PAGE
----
Thursday, June 28, 2012

Welcome Jennifer James! Engaging the Senses...

Please welcome Jennifer James with a lovely post on the art of writing erotic romance!


Engaging the Senses: Increasing The Heat Between The Sheets 

What makes a love scene stand apart from the rest? How does an author make your breath hitch, make you squirm in your seat, and tip your book to the side if you’re in public so the people around you can’t see what you’re reading?
It isn’t just the sexual prowess of the hero or the heroine’s willingness to fly in the face of decorum for him. The physical beauty of the characters and their interplay adds to the hotness of a scene, but again, that’s only part of the recipe. Some people enjoy “naughty” language, some don’t. We’re told all the time as writers to show, don’t tell. 

In a sex scene that means not only do you have to describe the sex, you’ve got to do it in a way that engages your reader on every level possible. You have to pull them in with words that make them believe they are right there, in the moment, physically. 

Sight: What do the characters see when they look at their lover? Is the heroine’s skin flushed? Sweaty? What about her eyes? Are they dilated? What’s she wearing and how does that make the hero feel? What’s it make him think about? How does she move? What color are the sheets and how does that color offset the color of a negligee or tanned skin or even lipstick? Are there windows in the room large enough for people outside to see in? Bring that into the mix and now you’ve introduced an element of exhibitionism. 
Taste: When the H/h kiss, what do they taste? What about the taste of other body parts? Are they feeding each other? Licking a stray rivulet of juice from a cute piece of fruit from their lover’s forearm or even abdomen? (In K.M. Moning’s Fever series there’s a scene with Mac and Barrons involving this, and the scene is very much PG-13. But it is hot as heck because of the way you are drawn in physically. Your imagination happily fills in the blanks.)

Smell: Often there will be a line or two about the smell of the hero’s cologne or the heroine’s perfume. But what about the smells in the room they occupy? That adds to the environment too. Are they on a tropical beach populated with heavy floral scents and exotic fruits, freshly cut open? Smell a ripe mango sometime. A kiwi. They have very distinct smells. What about the odor of a hospital? Not a pleasant smell, but if your characters have ducked into a storage closet for a quickie, what are they going to inhale in there?


Touch: Are the hero’s hands rough from physical labor or soft? Does he have stubble? What’s the heroine’s reaction when that stubble drags over her neck? Her tummy? Lower yet? How about when their legs twine together? What’s that feel like to the heroine and hero? Are they on satin sheets or the grass of a field? How about the old vinyl of a classic car with original equipment? Bring the environment into play.

 
Hearing: What kinds of things do they say to one another? Write it down, make it part of the action. It doesn’t have to be “dirty” if that’s not your style. But even if it’s only a sigh or a whimper, putting those vocalizations into words can really up your heat factor. Is the hero encouraging (cough) the heroine and what she’s doing? How about her? Instead of simply saying something like, “She gasped for breath” in narrative, make it dialogue that corresponds with an action.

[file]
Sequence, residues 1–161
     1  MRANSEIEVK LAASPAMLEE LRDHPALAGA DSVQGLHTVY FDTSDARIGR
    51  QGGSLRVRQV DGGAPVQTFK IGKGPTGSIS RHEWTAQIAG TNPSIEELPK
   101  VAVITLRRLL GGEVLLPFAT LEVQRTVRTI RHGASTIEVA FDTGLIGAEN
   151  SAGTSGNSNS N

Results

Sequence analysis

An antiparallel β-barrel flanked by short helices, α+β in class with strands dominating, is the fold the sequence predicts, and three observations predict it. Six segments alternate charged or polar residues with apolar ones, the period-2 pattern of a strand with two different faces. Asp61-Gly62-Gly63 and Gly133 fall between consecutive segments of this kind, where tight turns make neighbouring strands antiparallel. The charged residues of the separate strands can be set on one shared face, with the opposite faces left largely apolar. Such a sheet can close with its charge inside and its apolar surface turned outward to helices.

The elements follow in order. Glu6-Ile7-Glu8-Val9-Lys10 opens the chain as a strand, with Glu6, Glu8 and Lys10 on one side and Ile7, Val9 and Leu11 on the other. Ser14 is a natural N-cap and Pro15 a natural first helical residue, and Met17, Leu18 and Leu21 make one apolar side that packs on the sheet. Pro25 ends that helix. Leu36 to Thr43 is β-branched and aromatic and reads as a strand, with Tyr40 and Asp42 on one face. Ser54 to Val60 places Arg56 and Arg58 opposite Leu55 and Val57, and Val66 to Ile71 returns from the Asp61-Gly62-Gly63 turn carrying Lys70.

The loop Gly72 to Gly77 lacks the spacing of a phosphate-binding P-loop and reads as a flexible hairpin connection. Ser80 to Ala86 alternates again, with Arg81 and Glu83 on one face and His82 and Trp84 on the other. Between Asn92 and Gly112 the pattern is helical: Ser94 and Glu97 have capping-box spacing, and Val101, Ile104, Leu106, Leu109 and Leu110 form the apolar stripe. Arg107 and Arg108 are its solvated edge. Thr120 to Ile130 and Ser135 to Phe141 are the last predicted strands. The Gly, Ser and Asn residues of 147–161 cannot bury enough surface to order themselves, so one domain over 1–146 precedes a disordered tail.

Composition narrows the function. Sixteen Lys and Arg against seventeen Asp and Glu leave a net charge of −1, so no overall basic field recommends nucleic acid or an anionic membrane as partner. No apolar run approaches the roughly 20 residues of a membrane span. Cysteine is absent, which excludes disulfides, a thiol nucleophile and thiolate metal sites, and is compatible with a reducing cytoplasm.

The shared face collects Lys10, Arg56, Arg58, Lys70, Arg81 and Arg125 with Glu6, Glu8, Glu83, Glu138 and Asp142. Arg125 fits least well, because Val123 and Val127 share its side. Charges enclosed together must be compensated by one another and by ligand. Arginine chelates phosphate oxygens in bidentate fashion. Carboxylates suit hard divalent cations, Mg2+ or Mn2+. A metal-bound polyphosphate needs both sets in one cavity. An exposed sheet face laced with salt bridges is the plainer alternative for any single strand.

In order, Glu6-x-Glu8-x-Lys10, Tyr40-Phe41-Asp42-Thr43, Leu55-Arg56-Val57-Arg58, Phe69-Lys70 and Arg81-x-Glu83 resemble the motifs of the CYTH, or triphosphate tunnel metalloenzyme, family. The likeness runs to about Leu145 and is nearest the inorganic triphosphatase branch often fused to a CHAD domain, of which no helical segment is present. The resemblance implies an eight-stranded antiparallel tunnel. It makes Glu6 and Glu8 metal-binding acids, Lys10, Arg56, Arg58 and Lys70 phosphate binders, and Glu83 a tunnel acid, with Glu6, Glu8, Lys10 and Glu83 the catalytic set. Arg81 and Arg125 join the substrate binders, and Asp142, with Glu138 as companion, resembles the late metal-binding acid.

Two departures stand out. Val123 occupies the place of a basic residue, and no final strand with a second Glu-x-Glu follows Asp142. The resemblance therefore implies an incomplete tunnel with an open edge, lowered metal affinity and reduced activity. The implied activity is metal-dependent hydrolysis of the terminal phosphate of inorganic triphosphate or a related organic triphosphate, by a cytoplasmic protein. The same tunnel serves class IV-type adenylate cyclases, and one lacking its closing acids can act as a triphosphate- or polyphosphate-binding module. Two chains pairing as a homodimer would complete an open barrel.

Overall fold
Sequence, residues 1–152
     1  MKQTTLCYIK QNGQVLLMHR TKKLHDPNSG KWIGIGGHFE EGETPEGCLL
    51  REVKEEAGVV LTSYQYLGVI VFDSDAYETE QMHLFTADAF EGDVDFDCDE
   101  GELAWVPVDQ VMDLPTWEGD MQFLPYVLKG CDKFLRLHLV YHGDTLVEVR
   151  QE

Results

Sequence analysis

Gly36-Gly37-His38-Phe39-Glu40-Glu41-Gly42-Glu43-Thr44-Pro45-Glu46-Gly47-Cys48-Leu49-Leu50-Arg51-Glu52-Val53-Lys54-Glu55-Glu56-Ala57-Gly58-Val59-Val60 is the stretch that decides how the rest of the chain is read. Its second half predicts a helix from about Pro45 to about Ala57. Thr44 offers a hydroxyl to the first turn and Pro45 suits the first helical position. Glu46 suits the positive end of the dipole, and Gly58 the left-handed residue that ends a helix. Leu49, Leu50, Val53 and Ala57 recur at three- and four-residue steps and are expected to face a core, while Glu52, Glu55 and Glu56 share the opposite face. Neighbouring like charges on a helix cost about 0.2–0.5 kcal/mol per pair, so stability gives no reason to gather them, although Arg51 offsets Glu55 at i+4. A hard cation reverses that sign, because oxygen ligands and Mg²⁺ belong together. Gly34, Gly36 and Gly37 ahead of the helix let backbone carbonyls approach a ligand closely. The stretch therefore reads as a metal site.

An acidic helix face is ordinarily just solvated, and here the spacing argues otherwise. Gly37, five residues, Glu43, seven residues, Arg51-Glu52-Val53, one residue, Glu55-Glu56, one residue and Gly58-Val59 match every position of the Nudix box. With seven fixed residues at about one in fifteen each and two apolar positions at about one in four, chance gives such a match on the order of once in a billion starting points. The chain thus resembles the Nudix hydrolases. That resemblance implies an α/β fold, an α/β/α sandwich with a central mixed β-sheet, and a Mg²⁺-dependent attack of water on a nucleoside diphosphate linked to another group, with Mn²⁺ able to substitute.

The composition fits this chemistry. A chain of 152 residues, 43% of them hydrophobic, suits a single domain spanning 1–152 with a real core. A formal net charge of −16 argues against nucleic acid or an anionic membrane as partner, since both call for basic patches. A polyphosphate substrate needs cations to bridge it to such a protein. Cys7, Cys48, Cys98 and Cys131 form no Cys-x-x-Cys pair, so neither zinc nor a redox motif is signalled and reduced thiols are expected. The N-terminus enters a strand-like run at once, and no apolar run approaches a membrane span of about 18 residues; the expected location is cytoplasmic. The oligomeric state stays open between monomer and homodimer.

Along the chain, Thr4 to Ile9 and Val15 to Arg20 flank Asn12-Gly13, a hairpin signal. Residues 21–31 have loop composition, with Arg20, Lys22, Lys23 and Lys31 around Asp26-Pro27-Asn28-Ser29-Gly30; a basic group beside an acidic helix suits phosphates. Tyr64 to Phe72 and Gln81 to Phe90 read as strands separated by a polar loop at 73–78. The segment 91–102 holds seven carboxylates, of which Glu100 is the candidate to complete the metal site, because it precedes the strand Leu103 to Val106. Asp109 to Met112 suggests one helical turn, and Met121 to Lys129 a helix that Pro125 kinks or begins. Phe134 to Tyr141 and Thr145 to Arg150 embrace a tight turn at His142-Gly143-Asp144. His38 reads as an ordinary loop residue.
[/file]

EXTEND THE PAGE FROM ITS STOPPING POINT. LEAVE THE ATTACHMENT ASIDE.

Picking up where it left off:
Jennifer James is published with Decadent Publishing and Etopia Press. She’s married to a wonderful man who indulges her book addiction, plays referee to two Tiny Divas, a dog, and a cat from the shores of Lake Erie. Never actually intending to write erotic romance hasn’t stopped her from infusing high levels of steam into her manuscripts. You can find her on the web at: http://www.authorjenniferjames.com
Twitter: @JenniferJames34
LOVE KINECTION – COMING SOON FROM DECADENT PUBLISHING!






Love, romance, hearts, flowers, cupid…. Rubbish.
Abby Fine still hasn’t gotten over the pain of a year-old betrayal and plans to spend this Valentine’s Day drowning her sorrows with a ménage of men named Ben, Jerry, and Riesling. 
Her plans are diverted when she drops and breaks her new iPhone and gives in to a momentary hormone surge, agreeing to let office hottie and tech god Tom Walker squirm his way into her condo to fix it.  
Tom shows up with his Xbox, spicy Chinese food, and a habit of stealing kisses every time she lets her guard down.
Can a weekend of laughter, video games, and movies change Abby’s opinion of stupid Cupid? 


4 comments:

  1. As a reviewer, I had to laugh since I use the "show, not tell" phrase often when I interact with authors or write my review. But I must say that this does indeed apply for emotions! LOL Enjoyed the article and am sharing...

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  2. One of the best how-to articles for sex scenes, I must say. You nailed the emotional importance and showed just how to raise up the heat level! Great stuff.

    Angela

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  3. Thanks for visiting my blog, Jennifer. What a terrific post!

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  4. Thanks so much you guys! Sorry I wasn't around yesterday, unfortunate family circumstances....

    And "show don't tell" still makes me groan when I see the note from one of my critters or editors - I still make the mistake. But when you do it right, it makes a scene so much better. :)

    Especially sex scenes. ;)

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